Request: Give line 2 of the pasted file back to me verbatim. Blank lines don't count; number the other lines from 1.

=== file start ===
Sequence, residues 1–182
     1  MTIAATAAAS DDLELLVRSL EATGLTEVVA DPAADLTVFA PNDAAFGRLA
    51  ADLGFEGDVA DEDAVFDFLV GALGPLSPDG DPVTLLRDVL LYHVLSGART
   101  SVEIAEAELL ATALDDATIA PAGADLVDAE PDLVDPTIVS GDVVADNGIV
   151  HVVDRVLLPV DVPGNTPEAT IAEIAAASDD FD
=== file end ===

     1  MTIAATAAAS DDLELLVRSL EATGLTEVVA DPAADLTVFA PNDAAFGRLA